A professor emeritus, Professor Ebiegberi Alagoa of Niger Delta University, has called for the preservation and expansion of Ijaw ancestral cultures, for the benefit of present and future generations.
Alagoa, a History professor, made the call at the launching of a book written by Chief Nengi James and Mr Inemo Oruwari, in Yenagoa.
He said that efforts should be made by the intelligentsia to propagate and expand traditional values through active use of indigenous languages and communication methods.
The professor emeritus urged researchers to use academic research techniques to enhance the status of Ijaw culture.
He said the 107-page book titled ‘Kule’, was capable of generating topics for academic discourse and research.
Alagoa noted that the legacies left behind by the ancestors were being lost to foreign cultural influences.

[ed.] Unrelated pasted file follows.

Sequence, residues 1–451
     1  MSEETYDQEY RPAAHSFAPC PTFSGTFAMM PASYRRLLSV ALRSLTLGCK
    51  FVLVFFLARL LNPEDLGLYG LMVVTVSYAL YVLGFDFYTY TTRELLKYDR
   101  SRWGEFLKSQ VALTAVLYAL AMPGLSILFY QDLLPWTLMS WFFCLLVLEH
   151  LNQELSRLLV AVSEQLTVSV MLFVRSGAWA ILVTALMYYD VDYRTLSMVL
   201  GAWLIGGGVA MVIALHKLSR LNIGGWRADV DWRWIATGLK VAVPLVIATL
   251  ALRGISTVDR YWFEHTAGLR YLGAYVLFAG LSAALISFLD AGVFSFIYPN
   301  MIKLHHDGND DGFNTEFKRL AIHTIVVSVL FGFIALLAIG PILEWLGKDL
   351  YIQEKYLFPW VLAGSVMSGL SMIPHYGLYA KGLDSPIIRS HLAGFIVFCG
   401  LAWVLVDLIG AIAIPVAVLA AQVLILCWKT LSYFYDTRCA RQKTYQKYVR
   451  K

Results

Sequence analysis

The historian said ‘Kule’ was the drum praise delivered in poetry and musical forms used by the traditional institution in Ijawland across the Niger Delta region.
He explained that ‘Kule,’ a traditional non-verbal communication art form, cuts across ethnic and language barriers and was used to communicate the mood and emotions of the Ijaw people.
While reviewing the book, Dr Steven Olali, said that the book presents the rich culture of Nembe people.
“Kule is a compilation of drum titles of towns, deities, traditional rulers, prominent individuals, familiar animals spread across the Niger Delta.
“The book offers a fascinating glimpse of how various communities and people express their world using drum beatings to communicate in praise and poetry,” Olali said.
The Chief Launcher, Mr Kingsley Kuku, who was represented by Partason Ogori, commended the authors for documenting the traditional art form of the Ijaws. (NAN)